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Sages and Fools
The entirety of human interaction fits under just three umbrellas. In the first, bothparties emerge from the rubble worse than before; the perpetrator of a murder gets lifein prison and the victim's day is ruined, so to speak. In the second, everybody wins;I'm terrible at cooking and you're abysmal at housework, so you make us pizza while I05attack the fungus under your couch. And as for the third, well, a cynic will say that thisis by far the largest umbrella—if it were a pie chart, we're talking everything but theà la mode. We call this interaction category the zerosum, because anything gainedmust come at the loss of another. Put another way, your tragedy is my windfall.Welcome to the New Wall Street.10Poker players are fond of saying that if you look around the table and can't spotthe fool, run away as fast as you can; you're it. The same goes for the world of finance,which has quickly become as adversarial as a duel at high noon. Such is the nature ofequities, futures, bonds, and derivatives (to name a few): any transaction has both awinner and a loser. Either the buyer has purchased an instrument that is undervalued15and will be worth more tomorrow, or the seller has unloaded a bloated instrument thatwill fall back closer to its "true" market valuation in the near future. Either way, dollars(both unrealized and actual) will flow from one pocket to another.Thus, within such a contentious system, it is to the advantage of all participantsto trade with the fool. And, if the fool can't be readily found, trust that one will be20enticed. Leading up to the Crash of 2008, fools were aplenty as wild speculation wasthe flavor du jour and sound financial theory was disregarded. Nowhere was thisact of leapingbeforeyoulook as flagrant as in the mortgage industry, where loanswere repeatedly and systematically extended to Americans with little to no chanceof repaying the interest, let alone the initial capital. Known as "subprime," high-risk25borrowers with poor credit scores were extended money at interest rates far abovepar. The banks' deluded thought process behind this was that the interest rates wereso high that, even if an inordinately large percentage of the borrowers defaulted, hugeprofits were still guaranteed. Besides, worse comes to worst, the bank still owns thehouse. It was a foolproof plan.30Until it wasn't. The housing bubble had finally burst. It wasn't just that a few peopledefaulted; rather, foreclosures were everywhere you looked. And, even worse, whenthe banks came by to collect the keys, the houses were now worth only fractions ofwhat the banks lent for them. Consequently, they lost billions.Here's the kicker: while the American financial system nearly collapsed, some had35seen the fool coming from miles away, secretly cheering with each misstep by the savingsand loan industry. So, while the guardians of the money boxes continued speculatingon what they thought to be diamonds, a small handful on the fringes knew thatit was nothing but coal. And they profited spectacularly.Through a convoluted, abstruse instrument known as a "credit default swap," these40sages were able to make fortunes off of the mortgage implosions, laughing all the wayto the bank (where nobody else most certainly was laughing). It was an adroit play bythe sages, recognizing an obscure opportunity and capitalizing on the perfect storm.But, such were the just deserts of each party, and such is the black and white duality ofthe system. One is destined to lose his shirt, and another expands his wardrobe.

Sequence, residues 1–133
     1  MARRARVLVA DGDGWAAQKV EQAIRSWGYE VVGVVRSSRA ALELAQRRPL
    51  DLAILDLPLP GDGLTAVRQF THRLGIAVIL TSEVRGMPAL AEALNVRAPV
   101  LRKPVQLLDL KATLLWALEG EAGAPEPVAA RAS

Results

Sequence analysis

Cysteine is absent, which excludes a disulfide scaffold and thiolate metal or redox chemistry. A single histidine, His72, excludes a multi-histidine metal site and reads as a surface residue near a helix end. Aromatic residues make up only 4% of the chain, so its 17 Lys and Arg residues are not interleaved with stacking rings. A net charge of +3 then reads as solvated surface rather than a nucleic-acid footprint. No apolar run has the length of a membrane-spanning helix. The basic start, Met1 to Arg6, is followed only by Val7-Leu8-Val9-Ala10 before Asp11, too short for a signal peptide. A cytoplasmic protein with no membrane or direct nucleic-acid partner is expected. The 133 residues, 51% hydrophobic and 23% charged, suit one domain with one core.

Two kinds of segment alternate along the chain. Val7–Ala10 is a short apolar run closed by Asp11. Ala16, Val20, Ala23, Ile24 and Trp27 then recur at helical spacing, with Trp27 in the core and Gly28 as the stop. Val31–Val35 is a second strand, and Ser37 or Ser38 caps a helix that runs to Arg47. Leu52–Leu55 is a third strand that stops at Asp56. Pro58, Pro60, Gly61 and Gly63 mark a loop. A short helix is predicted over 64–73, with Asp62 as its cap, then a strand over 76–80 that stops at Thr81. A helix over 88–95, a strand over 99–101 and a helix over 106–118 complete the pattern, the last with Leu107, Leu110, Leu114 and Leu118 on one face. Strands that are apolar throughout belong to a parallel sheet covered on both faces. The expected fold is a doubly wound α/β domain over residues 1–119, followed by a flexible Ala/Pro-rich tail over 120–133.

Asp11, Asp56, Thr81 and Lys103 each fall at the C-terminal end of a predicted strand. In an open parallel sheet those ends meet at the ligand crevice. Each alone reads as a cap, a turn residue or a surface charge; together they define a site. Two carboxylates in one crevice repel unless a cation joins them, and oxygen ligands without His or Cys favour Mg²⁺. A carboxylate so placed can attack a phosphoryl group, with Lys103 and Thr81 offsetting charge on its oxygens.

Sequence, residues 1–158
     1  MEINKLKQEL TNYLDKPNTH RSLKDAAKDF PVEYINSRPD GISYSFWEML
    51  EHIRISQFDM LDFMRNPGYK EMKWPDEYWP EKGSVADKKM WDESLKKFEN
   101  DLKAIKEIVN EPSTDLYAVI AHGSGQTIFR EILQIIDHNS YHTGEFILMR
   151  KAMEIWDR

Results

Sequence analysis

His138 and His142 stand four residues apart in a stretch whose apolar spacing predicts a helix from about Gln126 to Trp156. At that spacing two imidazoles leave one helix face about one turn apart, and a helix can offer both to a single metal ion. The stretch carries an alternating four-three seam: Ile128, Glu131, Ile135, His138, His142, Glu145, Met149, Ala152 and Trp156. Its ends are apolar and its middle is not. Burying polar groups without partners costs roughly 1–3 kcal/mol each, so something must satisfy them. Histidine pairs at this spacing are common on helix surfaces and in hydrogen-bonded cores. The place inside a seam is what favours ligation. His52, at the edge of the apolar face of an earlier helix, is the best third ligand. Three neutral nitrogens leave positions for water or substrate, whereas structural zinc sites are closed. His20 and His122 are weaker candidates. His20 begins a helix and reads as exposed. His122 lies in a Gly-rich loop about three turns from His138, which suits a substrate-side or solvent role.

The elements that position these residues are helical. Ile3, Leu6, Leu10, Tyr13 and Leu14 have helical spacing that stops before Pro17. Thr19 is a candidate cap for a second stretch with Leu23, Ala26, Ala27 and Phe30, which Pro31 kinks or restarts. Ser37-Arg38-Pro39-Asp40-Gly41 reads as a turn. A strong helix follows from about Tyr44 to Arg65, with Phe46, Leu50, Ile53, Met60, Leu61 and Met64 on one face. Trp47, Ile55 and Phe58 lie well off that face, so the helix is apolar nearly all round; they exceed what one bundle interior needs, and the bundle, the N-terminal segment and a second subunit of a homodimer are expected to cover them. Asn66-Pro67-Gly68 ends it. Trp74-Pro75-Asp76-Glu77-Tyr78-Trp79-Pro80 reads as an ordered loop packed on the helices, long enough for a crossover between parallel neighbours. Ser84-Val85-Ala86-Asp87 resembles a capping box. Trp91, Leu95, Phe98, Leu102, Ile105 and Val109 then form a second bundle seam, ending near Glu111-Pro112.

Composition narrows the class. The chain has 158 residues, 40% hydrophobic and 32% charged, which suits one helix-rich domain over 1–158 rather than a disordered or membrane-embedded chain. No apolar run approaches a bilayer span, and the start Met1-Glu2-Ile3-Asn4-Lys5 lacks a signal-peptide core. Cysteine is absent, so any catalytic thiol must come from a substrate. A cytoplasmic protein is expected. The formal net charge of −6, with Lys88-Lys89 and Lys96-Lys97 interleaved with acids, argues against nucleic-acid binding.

1. Which choice best summarizes the passage?
2. The narrator indicates that banks and lenders thought subprime loans would end up profitable because
3. Which choice provides the best evidence for the answer to the previous question?
4. As used in line 15, the word "bloated" most closely means
5. According to the paragraph in lines 18-29, what factors contributed to the Crash of 2008?
6. In line 30 "The housing bubble had finally burst" means what happened?
7. In line 36, "guardians of the money boxes" most nearly refers to
8. As used in line 39, the word "abstruse" most closely means
9. The narrator would agree that all of the following are examples of "zerosum" EXCEPT
10. Which choice provides the best evidence for the answer to the previous question?
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